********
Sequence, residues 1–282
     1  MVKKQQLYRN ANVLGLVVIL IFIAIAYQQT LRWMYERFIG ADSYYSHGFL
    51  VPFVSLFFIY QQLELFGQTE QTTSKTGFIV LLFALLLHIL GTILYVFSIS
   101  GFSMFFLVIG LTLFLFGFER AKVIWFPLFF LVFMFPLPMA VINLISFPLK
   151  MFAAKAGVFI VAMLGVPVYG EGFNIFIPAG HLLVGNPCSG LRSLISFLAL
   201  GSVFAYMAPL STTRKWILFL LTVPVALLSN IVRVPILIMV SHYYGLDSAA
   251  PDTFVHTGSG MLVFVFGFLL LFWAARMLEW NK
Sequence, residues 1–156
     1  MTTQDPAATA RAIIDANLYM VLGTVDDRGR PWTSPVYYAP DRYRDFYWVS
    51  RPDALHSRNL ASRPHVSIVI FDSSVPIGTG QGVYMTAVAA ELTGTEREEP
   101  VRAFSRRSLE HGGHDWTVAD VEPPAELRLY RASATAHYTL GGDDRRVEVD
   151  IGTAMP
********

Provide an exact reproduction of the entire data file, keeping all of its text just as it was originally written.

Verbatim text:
Sequence, residues 1–282
     1  MVKKQQLYRN ANVLGLVVIL IFIAIAYQQT LRWMYERFIG ADSYYSHGFL
    51  VPFVSLFFIY QQLELFGQTE QTTSKTGFIV LLFALLLHIL GTILYVFSIS
   101  GFSMFFLVIG LTLFLFGFER AKVIWFPLFF LVFMFPLPMA VINLISFPLK
   151  MFAAKAGVFI VAMLGVPVYG EGFNIFIPAG HLLVGNPCSG LRSLISFLAL
   201  GSVFAYMAPL STTRKWILFL LTVPVALLSN IVRVPILIMV SHYYGLDSAA
   251  PDTFVHTGSG MLVFVFGFLL LFWAARMLEW NK
Sequence, residues 1–156
     1  MTTQDPAATA RAIIDANLYM VLGTVDDRGR PWTSPVYYAP DRYRDFYWVS
    51  RPDALHSRNL ASRPHVSIVI FDSSVPIGTG QGVYMTAVAA ELTGTEREEP
   101  VRAFSRRSLE HGGHDWTVAD VEPPAELRLY RASATAHYTL GGDDRRVEVD
   151  IGTAMP